As maritime stakeholders increasingly look to uncrewed vessel technology to complete a wider range of offshore survey, surveillance and inspection tasks, the systems that are used to control these flexible platforms are developing apace.

Unmanned surface vessels (USVs) offer a low impact, non-invasive and cost-effective solution for an industry that has set itself ambitious net zero emission goals, and the technology is now established on numerous commercial projects around the world.

Designing and building uncrewed surface vessels (USVs) is complex and challenging. Hundreds of decisions relating to mission goals, payload requirements, power budget, hull design, communication systems and propulsion control and management need to be made, analysed and implemented.

Dynautics provides Vessel Control System (VCS) and autopilot technology that seamlessly integrates into third party drive and motor control systems. We work closely with USV manufacturers to ensure that onboard control systems and their complex integration protocols are robust, efficient and above all provide optimal functionality and redundancy.

A selection of our recent MK4 (SPECTRE) and VCS (SPECTRE Plus) projects are outlined below.

Triple engine control for Singapore Navy

Triple Mercury outboards – credit Mercury

In 2021 Dynautics became a Mercury Marine dealer, giving us direct access to the company’s G3 engine set up software which is a critical factor in calibrating and optimising engine performance. This was quickly followed by an opportunity to work on a triple Mercury engine (900hp) VCS for the Republic of Singapore Navy’s uncrewed security and surveillance craft.

It was a challenging project with a tight timeframe, but by leveraging our experience with Mercury’s control protocol we were able to deliver our MK4 autopilot with Mercury interface module, remote control handset, wiring harness and Dynautics Remote Control Windows (RCW) application for remote route planning. All equipment was fully installed, calibrated and subject to sea trials in time for the Navy’s mission.

From clouds to waves with SPECTRE


SEAX USV – credit ALTI

ALTI, a world-leading provider of VTOL aircraft based in South Africa, serves the civil and military sectors with UAVs (unmanned aerial vehicles) for commercial and industrial applications. In 2022, the ALTI team embarked on a mission to bring their 10 years of experience and hard-won expertise on unmanned aircraft operations around the world to the design of a marine USV.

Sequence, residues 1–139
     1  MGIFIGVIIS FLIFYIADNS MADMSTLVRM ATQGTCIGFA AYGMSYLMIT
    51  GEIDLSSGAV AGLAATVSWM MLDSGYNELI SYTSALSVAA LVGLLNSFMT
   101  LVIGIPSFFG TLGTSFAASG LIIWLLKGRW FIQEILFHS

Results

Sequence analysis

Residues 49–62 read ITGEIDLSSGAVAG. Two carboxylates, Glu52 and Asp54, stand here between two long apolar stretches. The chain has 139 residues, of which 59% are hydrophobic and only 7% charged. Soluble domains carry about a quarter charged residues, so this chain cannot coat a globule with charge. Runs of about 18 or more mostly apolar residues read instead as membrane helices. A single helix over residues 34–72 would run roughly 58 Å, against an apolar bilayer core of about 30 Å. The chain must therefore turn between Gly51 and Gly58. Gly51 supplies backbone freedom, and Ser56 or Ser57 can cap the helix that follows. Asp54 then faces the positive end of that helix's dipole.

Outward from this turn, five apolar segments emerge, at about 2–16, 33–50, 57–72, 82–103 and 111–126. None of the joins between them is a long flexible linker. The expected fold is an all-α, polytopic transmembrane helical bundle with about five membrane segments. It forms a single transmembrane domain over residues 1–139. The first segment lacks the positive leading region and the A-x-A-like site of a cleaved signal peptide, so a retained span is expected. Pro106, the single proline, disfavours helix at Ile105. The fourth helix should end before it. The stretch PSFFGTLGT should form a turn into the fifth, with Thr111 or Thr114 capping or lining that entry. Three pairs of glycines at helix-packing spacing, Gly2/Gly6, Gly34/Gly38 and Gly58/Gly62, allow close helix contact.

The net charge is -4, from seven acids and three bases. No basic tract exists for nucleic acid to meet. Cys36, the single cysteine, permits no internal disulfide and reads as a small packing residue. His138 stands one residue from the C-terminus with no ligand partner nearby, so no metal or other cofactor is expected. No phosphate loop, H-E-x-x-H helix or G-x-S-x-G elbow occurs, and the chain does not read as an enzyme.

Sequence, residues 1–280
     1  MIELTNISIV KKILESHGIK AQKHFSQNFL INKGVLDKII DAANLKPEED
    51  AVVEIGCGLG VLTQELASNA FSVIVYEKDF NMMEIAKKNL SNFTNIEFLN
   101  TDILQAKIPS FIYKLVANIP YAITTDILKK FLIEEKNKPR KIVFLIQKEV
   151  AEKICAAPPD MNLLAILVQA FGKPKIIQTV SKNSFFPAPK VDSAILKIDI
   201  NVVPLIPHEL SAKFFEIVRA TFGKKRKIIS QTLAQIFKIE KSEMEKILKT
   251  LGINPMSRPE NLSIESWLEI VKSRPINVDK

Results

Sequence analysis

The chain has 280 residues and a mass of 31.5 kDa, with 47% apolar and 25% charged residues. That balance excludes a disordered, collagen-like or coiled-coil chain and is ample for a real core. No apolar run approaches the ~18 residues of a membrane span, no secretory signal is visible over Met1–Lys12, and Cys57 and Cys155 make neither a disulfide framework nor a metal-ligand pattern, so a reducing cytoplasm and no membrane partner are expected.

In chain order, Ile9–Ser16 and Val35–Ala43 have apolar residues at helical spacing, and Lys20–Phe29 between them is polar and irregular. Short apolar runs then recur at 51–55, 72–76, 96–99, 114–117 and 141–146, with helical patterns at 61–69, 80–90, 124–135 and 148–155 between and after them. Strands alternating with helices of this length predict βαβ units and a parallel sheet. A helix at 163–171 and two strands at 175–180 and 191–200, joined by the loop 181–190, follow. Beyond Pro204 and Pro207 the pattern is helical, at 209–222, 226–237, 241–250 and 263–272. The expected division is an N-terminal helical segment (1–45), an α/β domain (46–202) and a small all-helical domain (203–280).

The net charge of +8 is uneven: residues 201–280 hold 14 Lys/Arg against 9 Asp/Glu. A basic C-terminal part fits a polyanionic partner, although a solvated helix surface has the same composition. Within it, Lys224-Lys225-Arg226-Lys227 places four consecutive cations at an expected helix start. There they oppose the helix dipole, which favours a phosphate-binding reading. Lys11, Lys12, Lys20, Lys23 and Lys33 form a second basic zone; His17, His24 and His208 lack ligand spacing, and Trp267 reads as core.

Due to the ambitious timeline of the project, the team needed a control solution that they could fit themselves. Dynautics delivered a SPECTRE MK4 VCS, complete with wiring harness, interfaces and all necessary components that was ready to install. This plug and play solution dovetailed into ALTI’s existing communications system, giving the team a clear development and delivery path. Diagnostics took place remotely to progress the retrofit installation.

Despite ALTI not having first-hand experience of working on the water, any installation challenges were quickly solved with Dynautics remote support.

Royal Navy vessel conversions

Dr Alison Little, Dynautics

In its drive to leverage autonomous technology in the future of naval operations, the UK’s Royal Navy is converting some of its vessels to have unmanned functionality. This cost-effective development approach allows them to make use of commercial electronics and low NRE (non-recurring engineering) costs, speeding up the time it takes to get uncrewed craft operational.

The Royal Navy has, to date, placed two VCS orders with Dynautics. Dr Alison Little, senior project engineer at Dynautics, developed custom vessel control firmware for their unique behaviour requirements.

“Customers who have very specific operational needs make my job incredibly interesting. The team here thrives on solving technically demanding control problems. The Royal Navy needed very specific behaviour and I was able to simulate their requirement and code it quickly, which was incredibly satisfying.” Dr Alison Little, Dynautics

Precise drive control for RC Dock Engineering

Netherlands-based RC Dock Engineering enlisted Dynautics for the remote control of a 12m catamaran vessel, the first of 20 new remotely controlled unmanned workboats developed by the company, with azimuth thrusters and twin water jets.

As well as designing the VCS, Dynautics also advised on overall system architecture, design and the purchase of ancillary parts. We developed custom CAN communication firmware to provide precise control of the drive system and collision avoidance software was optimised with radar partners Simrad and Cambridge Pixel.

The catamaran has since been granted RINA class approval. These automated vessels are able to conduct remotely controlled unmanned operations in areas such as offshore survey and subsea inspection, maintenance and repair.

With RC Dock Engineering’s new hull design, transmission and power management arrangement, agility and collaboration were key on this project. Teamwork and strong partnerships are hard-wired into Dynautics’ culture and this was a great example of those values at work.

Author: Kieran Breheny, Strategic Development Manager, Dynautics

Dynautics’ vision is to open up the marine world through intelligent technology, and as co-authors of the Marine Autonomous Surface Ships – UK Code of Practice, we are actively helping to define the route towards marine vehicle autonomy. We simulate, design, test, verify and deploy, enabling our customers to accomplish their mission goals safely and responsibly.